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Talk Like a Physicist

scienceisbeauty:

image

It’s very easy, just rehearse these phrases… and try use them with confidence in every conversation.

  • Use “canonical” when you mean “usual” or “standard.” As in, “the canonical example of talking like a physicist is to use the word ‘canonical’.
  • Use “orthogonal” to refer to things that…
04:47 am, reblogged from Science is Beauty by nephrolithiasis



scienceisbeauty:

A ill (or pregnant) Matryoshka doll produces the effect of infinite mirror, makes some sense.

scienceisbeauty:

A ill (or pregnant) Matryoshka doll produces the effect of infinite mirror, makes some sense.

12:45 pm, reblogged from Science is Beauty by nephrolithiasis

newyorker:

image

Ferris Jabr explains why walking helps us think:

“Because we don’t have to devote much conscious effort to the act of walking, our attention is free to wander—to overlay the world before us with a parade of images from the mind’s theatre. This is precisely the kind of mental state that studies have linked to innovative ideas and strokes of insight.”

Photograph by Alex Majoli/Magnum

(Source: newyorker.com)

12:44 pm, reblogged from Emergent Futures Tumblelog by nephrolithiasis

futurescope:

Conscious Brain-to-Brain Communication in Humans Using Non-Invasive Technologies

In short, understandable words: Scientists have successfully transported words from one brain to another over the internet.

Abstract:

Human sensory and motor systems provide the natural means for the exchange of information between individuals, and, hence, the basis for human civilization. The recent development of brain-computer interfaces (BCI) has provided an important element for the creation of brain-to-brain communication systems, and precise brain stimulation techniques are now available for the realization of non-invasive computer-brain interfaces (CBI). These technologies, BCI and CBI, can be combined to realize the vision of non-invasive, computer-mediated brain-to-brain (B2B) communication between subjects (hyperinteraction). Here we demonstrate the conscious transmission of information between human brains through the intact scalp and without intervention of motor or peripheral sensory systems. Pseudo-random binary streams encoding words were transmitted between the minds of emitter and receiver subjects separated by great distances, representing the realization of the first human brain-to-brain interface. In a series of experiments, we established internet-mediated B2B communication by combining a BCI based on voluntary motor imagery-controlled electroencephalographic (EEG) changes with a CBI inducing the conscious perception of phosphenes (light flashes) through neuronavigated, robotized transcranial magnetic stimulation (TMS), with special care taken to block sensory (tactile, visual or auditory) cues. Our results provide a critical proof-of-principle demonstration for the development of conscious B2B communication technologies. More fully developed, related implementations will open new research venues in cognitive, social and clinical neuroscience and the scientific study of consciousness. We envision that hyperinteraction technologies will eventually have a profound impact on the social structure of our civilization and raise important ethical issues.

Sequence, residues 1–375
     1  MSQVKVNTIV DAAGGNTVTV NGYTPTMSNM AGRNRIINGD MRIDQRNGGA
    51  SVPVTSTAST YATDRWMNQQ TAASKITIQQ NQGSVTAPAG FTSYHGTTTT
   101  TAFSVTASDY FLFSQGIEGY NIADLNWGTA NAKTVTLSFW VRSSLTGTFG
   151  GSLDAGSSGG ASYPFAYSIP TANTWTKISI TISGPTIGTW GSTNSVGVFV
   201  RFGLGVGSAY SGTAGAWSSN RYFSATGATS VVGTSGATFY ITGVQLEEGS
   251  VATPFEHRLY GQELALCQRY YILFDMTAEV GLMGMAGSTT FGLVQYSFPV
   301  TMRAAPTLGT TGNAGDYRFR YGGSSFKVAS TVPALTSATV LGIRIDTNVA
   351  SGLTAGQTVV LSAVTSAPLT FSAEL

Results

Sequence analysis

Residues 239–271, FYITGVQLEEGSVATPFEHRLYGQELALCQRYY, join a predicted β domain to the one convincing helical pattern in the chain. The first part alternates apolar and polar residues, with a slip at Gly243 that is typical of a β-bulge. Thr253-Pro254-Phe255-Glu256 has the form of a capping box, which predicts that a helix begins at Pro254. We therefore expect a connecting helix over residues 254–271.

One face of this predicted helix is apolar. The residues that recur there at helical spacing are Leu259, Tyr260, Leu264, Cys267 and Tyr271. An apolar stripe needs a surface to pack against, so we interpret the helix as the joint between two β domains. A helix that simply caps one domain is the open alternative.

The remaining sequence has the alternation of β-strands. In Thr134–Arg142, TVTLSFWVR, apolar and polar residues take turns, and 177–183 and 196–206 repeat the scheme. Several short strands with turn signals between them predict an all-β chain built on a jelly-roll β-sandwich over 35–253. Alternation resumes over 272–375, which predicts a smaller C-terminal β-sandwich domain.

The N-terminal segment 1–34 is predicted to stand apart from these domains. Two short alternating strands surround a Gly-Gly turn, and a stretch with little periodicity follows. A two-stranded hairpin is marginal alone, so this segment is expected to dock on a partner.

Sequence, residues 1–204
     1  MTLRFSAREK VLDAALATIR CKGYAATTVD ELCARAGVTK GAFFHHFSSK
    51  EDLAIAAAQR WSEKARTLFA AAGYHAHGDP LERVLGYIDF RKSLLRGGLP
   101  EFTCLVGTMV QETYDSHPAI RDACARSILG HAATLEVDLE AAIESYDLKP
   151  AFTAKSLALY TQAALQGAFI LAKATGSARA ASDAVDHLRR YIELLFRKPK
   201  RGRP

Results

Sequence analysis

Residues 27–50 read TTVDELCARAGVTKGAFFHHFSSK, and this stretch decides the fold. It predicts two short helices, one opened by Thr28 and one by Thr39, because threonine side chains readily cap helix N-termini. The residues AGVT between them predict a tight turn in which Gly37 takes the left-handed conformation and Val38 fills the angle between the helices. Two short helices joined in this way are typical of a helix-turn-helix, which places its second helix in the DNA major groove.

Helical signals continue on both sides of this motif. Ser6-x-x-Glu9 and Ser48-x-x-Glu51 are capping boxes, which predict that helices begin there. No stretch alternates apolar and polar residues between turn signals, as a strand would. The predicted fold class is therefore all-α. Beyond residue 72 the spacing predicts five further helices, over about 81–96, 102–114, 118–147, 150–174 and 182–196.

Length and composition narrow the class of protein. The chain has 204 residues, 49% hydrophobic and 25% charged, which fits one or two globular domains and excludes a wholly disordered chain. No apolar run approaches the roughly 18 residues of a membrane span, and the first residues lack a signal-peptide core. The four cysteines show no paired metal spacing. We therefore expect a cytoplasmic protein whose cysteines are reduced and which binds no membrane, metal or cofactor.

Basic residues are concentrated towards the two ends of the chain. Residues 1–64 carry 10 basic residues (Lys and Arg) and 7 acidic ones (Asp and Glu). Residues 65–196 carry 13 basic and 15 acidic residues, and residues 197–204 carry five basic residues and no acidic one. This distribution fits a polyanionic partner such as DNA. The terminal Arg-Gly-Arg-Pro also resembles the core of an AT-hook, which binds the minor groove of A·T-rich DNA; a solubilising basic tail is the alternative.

[paper] [via @GF2045]

12:43 pm, reblogged from Emergent Futures Tumblelog by nephrolithiasis

I dropped the switch.

futurescope:

DIY Exoskeleton lifts 170 pounds like nothing

YouTuber The Hacksmith has been working on a Elysium-inspired exoskeleton, which lets him curl 171.5LBS of concrete & steel. Nice hobby.

This is only the beginning… Building the lower half next.

[via gizmodo] [The Hacksmith]

12:30 am, reblogged from Emergent Futures Tumblelog by nephrolithiasis

hideback:

L’enfer Cabaret, Boulevard de Clichy, Montmartre, Paris

Built circa 1890; demolished circa 1952.

Entertainment inside the “inferno of hell” included musicians dressed as devils and interior volcanos that spewed scented lava of molten gold. 

After the “cabaret artistique” was demolished, the site became a Monoprix retail store.

05:24 am, reblogged from  by nephrolithiasis



I hope the patient satisfaction rubrics being developed by startups and influencing policy nationwide are given little value. There I said it. I can understand a startup selling a product by using tools to create an onliine presence and brand, but even their use of Yelp reviews with an N=20 is ridiculous.

Our system for assigning potential specialists a weighted score includes the following:



Their personal website must be high quality and value beauty and clarity


They take more than 5 major health insurance plans


Their practice size is less than 10 physicians


They graduated from a well-regarded American medical school


They have a professorship


They’ve published academic journal articles


They are members of their respective professional affiliation


They’ve been in practice between 5 and 15 years


Yelp must have above 4 stars and 20 yearly reviews


Healthgrades must have over 4 stars and over 10 yearly reviews


ZocDoc must have over 4 stars and over 20 yearly reviews


They speak English and Spanish


Their bedside manner is top notch


Their office is well designed, with exceptional staff, and minimal wait times


They are one of the top 10 specialties to which we refer

-http://blog.jayparkinsonmd.com/post/93329565533/how-does-sherpaa-choose-its-network-of-specialists-we